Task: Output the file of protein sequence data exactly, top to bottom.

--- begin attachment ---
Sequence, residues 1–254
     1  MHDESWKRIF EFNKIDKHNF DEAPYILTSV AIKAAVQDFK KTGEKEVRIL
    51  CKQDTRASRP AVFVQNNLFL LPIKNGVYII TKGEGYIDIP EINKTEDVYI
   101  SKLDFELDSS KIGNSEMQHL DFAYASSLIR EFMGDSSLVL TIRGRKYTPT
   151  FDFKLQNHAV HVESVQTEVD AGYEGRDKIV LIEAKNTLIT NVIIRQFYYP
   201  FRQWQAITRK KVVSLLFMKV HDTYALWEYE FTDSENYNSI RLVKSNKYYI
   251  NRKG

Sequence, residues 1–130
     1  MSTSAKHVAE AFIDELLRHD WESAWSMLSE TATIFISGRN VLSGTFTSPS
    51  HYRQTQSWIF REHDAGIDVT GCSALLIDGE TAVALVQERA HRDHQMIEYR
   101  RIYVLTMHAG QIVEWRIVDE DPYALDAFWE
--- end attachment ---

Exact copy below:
Sequence, residues 1–254
     1  MHDESWKRIF EFNKIDKHNF DEAPYILTSV AIKAAVQDFK KTGEKEVRIL
    51  CKQDTRASRP AVFVQNNLFL LPIKNGVYII TKGEGYIDIP EINKTEDVYI
   101  SKLDFELDSS KIGNSEMQHL DFAYASSLIR EFMGDSSLVL TIRGRKYTPT
   151  FDFKLQNHAV HVESVQTEVD AGYEGRDKIV LIEAKNTLIT NVIIRQFYYP
   201  FRQWQAITRK KVVSLLFMKV HDTYALWEYE FTDSENYNSI RLVKSNKYYI
   251  NRKG

Sequence, residues 1–130
     1  MSTSAKHVAE AFIDELLRHD WESAWSMLSE TATIFISGRN VLSGTFTSPS
    51  HYRQTQSWIF REHDAGIDVT GCSALLIDGE TAVALVQERA HRDHQMIEYR
   101  RIYVLTMHAG QIVEWRIVDE DPYALDAFWE